Make mistakes! – gifts from improv

5 May 2009 0 By Viv McWaters

Recipes have their place. They provide a checklist and a reminder. They are a guide. And this is the beauty of recipes. There are two ways of writing a recipe. There’s the traditional approach that has a list of ingredients, followed by step-by-step instructions of what to do, with the occasional instruction to do something at the end to combine all the elements. 

Then there’s another approach which is written in a more conversationsl style with the ingredients highlighted in bold. 

Here’s an example (from Ross Dobson’s book 3 ways with…)

tropical pav

Break 6 – 8 small meringues into large pieces and place them in a serving dish. Lightly beat 125 ml pouring cream with 2 tablespoons icing sugar to form soft peaks. Spoon the cream over the meringues. Top with 2 thinly sliced bananas, a cubed mango and cover the fruit with 3 tablespoons passionfruit pulp.

I quite like this style because it helps me visualise what I need to do. And it works really well with complicated recipes.

And I’ve been watching a new reality TV program called Masterchef where contestants compete with each other to become the one Masterchef. About 7000 people auditioned and the show is focused on the 20 selected for the show. Those 20 were selected for their skills and for demonstrating a good understanding of the basics and for taking risks. Taking risks means that they sometimes fail, and also potentially have fantastic successes. It requires an understanding of what works and what doesn’t plus a willingness to try something new that sets these risk-takers apart form others who ‘play safe’. Playing safe ensures you don’t fail (usually) but it also ensures that you will probably not discover anything new or exciting. Or create something unique.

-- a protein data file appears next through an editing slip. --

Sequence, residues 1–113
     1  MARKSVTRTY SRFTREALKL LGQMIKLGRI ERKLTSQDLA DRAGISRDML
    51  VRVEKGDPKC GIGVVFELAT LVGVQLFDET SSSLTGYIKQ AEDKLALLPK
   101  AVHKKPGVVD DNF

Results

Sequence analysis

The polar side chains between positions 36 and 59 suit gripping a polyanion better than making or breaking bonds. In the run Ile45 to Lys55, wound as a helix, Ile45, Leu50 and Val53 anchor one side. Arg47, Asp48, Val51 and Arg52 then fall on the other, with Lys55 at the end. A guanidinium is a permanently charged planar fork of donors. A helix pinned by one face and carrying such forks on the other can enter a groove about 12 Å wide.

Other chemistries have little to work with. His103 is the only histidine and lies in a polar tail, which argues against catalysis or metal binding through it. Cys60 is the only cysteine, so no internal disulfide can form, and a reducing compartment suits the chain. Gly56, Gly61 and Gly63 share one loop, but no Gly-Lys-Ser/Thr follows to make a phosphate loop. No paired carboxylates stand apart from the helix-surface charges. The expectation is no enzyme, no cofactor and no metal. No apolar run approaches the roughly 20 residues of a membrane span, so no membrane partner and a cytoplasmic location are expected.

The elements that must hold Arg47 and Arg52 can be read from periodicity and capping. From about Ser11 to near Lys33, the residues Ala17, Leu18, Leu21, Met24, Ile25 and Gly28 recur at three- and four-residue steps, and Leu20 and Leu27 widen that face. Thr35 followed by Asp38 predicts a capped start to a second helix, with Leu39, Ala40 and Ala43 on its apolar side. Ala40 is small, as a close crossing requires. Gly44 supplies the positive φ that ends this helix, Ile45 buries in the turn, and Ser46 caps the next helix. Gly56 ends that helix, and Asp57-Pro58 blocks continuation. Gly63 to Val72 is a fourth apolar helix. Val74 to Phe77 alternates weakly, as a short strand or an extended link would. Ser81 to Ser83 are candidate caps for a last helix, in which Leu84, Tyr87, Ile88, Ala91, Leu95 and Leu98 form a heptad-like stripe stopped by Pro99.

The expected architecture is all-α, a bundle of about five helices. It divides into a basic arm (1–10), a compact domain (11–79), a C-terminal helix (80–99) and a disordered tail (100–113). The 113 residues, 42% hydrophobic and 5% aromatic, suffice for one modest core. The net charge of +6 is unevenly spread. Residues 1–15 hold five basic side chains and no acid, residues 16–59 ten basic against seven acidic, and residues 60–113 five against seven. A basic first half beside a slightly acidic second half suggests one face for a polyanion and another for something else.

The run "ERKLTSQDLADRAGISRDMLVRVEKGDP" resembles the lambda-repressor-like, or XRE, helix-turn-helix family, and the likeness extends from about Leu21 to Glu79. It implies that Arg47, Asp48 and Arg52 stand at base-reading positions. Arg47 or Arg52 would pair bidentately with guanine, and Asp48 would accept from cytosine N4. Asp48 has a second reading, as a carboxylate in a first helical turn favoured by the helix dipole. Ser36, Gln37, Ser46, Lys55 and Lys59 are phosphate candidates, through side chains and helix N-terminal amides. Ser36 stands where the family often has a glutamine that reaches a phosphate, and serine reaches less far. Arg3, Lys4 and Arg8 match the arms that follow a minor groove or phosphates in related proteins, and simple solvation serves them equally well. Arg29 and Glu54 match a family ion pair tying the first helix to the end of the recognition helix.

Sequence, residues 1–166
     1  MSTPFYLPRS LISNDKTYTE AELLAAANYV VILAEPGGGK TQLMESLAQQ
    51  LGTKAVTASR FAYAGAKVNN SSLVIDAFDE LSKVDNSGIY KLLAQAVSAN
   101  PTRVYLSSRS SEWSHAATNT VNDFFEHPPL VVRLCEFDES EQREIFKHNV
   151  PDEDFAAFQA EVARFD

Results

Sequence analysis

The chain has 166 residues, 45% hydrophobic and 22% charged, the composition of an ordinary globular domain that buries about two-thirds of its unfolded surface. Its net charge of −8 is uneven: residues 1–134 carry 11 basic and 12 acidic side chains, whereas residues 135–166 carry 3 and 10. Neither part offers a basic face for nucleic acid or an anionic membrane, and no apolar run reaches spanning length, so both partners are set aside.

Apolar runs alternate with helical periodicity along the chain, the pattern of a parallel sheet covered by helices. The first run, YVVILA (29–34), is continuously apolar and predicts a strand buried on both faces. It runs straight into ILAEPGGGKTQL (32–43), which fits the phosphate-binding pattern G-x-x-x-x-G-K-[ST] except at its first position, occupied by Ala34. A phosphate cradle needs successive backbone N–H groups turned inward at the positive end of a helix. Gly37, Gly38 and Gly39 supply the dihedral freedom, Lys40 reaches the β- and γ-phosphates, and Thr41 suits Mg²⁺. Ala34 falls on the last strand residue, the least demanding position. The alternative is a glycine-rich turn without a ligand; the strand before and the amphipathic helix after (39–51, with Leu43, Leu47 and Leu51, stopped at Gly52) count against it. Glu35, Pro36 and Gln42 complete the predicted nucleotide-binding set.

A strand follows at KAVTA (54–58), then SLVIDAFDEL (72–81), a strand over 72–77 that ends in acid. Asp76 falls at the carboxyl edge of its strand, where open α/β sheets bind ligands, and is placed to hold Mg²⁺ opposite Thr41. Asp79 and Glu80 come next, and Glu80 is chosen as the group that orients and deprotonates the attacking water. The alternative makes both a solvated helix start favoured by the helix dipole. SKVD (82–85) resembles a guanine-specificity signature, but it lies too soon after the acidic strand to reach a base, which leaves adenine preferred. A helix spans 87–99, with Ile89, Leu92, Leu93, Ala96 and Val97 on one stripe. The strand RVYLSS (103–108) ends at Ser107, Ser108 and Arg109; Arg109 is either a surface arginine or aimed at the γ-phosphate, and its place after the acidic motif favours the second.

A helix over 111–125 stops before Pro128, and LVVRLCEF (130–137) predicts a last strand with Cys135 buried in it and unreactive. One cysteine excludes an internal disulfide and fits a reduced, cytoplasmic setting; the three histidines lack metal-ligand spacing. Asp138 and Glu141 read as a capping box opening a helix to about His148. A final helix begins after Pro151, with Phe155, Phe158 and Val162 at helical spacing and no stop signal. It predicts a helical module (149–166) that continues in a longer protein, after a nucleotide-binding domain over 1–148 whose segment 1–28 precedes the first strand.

Which is all a way of introducing the second of my ‘improv gifts for faciltators’ cards – Make Mistakes.


In facilitation it’s easy to get stuck in a rut. You spend a lot of time and energy learning a particular process, have it mastered and when you use it, it works. Why wouldn’t you continue to use such a process? You probably will. My caution is to ask yourself why you are using it – because it helps deliver the outcome your client wants, or because you feel safe using it? 

Whenever I feel too safe or too comfortable facilitating, I use this as a spur to challenge myself, to explore what other approaches or processes might be suitable. Often, I’ll return to the tried-and-true process. Sometimes, I’ll take a risk and try something else. Sometimes I fail – and have to return to the basics. Other times I find a new approach that delivers. All times I learn something.